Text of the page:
A quick look at the Doha skyline reveals just how much activity Qatar’s construction sector has seen since the awarding of the games in 2010.
Activity in the capital is just one aspect of the work being done. With highways, housing estates, and hypermarkets also being built around the country, a considerable amount of investment is going into Qatar’s infrastructure and its real estate, providing some of the most significant contracts of recent decades for construction companies.
Qatar remains a global center for the industry as it gears up for the 2022 FIFA World Cup, as the country’s plans for the tournament are realized, and significant projects are speeding up to meet deadlines.
Recent years have seen strong economic and population growth in Qatar, with the former coming on the back of the development of major oil and gas reserves. Possession of one of the world’s largest non-associated natural gas fields has led the country to its position as one of the top exporters of liquefied natural gas. The government has channeled much of the revenue into infrastructure development, while government-linked and private sector developers have forged ahead with major real estate projects.
According to the World Bank, Qatar’s GDP grew from $7.83bn at current prices in 1980 to $17.76bn in 2000, $125.12bn in 2010 and $164.64bn in 2015. Meanwhile, the population – swollen by large numbers of expatriate construction workers, designers, architects, financiers and other professionals – jumped from 223,715 in 1980 to 593,453 in 2000, 1.77m in 2010 and 2.7m in May 2017.
In recent years, the sector has proved to be a growing power behind the domestic non-oil and gas sector. Figures from the 2016 Quarterly Statistical Bulletin of June 2017 published by the Qatar Central Bank (QCB) show that construction accounted for 4.6% of total GDP in 2012, 5.4% in 2013, 6.7% in 2014, 9.6% in 2015 and 11.9% in 2016. Over the same period, construction’s GDP contribution more than doubled from QR30.9bn ($8.5bn) to QR65.9bn ($18.1bn).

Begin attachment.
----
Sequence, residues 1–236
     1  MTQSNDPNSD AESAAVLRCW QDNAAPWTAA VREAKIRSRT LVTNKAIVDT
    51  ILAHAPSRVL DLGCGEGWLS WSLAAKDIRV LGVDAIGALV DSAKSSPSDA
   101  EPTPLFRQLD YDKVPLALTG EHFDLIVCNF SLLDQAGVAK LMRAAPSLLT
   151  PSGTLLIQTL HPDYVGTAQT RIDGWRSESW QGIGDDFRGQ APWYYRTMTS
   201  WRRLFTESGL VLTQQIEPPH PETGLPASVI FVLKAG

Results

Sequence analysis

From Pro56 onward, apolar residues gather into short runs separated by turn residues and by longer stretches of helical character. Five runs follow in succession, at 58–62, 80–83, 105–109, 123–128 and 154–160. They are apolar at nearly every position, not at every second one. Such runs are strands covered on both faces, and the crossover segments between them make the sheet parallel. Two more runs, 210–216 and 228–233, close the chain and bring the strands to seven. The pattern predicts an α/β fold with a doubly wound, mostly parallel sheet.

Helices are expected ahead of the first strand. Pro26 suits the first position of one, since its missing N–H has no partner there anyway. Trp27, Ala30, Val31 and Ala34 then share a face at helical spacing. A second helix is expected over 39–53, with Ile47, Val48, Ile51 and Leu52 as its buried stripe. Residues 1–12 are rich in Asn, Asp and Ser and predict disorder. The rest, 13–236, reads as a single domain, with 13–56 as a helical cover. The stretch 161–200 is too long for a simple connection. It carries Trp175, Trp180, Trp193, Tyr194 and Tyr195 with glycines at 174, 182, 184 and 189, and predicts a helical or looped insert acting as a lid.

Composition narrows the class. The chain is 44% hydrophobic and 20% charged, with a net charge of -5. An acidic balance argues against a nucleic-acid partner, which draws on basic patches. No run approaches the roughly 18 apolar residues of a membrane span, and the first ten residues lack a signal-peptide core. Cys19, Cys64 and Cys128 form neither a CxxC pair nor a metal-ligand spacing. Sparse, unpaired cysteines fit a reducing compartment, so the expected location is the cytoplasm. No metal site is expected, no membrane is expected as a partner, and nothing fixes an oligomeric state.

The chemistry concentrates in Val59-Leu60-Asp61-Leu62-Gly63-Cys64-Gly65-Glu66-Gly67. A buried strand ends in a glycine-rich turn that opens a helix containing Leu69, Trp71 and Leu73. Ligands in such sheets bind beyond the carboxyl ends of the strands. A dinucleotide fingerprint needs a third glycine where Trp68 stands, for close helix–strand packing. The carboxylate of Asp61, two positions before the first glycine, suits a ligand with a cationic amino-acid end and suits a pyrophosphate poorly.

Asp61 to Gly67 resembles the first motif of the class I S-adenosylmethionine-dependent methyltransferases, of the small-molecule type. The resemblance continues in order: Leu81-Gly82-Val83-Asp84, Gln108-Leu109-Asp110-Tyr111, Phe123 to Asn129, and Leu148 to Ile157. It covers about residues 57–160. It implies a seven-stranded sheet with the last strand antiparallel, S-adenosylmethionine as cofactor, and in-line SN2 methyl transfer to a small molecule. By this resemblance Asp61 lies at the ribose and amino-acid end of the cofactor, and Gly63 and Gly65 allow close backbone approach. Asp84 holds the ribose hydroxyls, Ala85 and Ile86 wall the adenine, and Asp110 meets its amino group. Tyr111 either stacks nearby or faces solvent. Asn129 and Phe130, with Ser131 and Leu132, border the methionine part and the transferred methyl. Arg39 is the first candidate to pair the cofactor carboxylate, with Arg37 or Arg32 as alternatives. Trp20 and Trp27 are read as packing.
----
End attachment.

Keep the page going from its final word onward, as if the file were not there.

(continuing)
In 2015, construction also saw the most significant overall increase in output of any sector, at 17.8%. This figure represented 28.2% of the expansion achieved by non-oil GDP in 2015. Data from Qatar National Bank shows that in 2016 the sector was the biggest contributor to non-hydrocarbons growth, rising by 15.4%, while local media reported in early November 2017 that construction grew by 15.3% year-on-year in the second quarter of 2017.
Growth in construction has also been reflected in credit growth, with the industry’s rise also affecting a shift in bank lending patterns from the public sector to the private. According to QCB figures, in 2015 credit to contractors went up 23.6%, while the real estate sector saw 27.4% credit growth and the overall share of construction in total domestic credit was 5.7%.
The sector’s activity has attracted many new companies to Qatar. In January 2017, contractors formed the biggest group of newly registered companies in the state, with 498 new registrants out of 2288, followed by building materials manufacturers with 266 new registrants.
Qatar’s construction sector has witnessed substantial growth since the awarding of the 2022 FIFA World Cup, proving that development beyond the field of oil and gas is very much an option and a fact in a country rich in potential and opportunities. The focus will soon shift to the post-world cup status of the sector in Qatar. We’ll be taking a closer look at that in a piece that will quickly follow.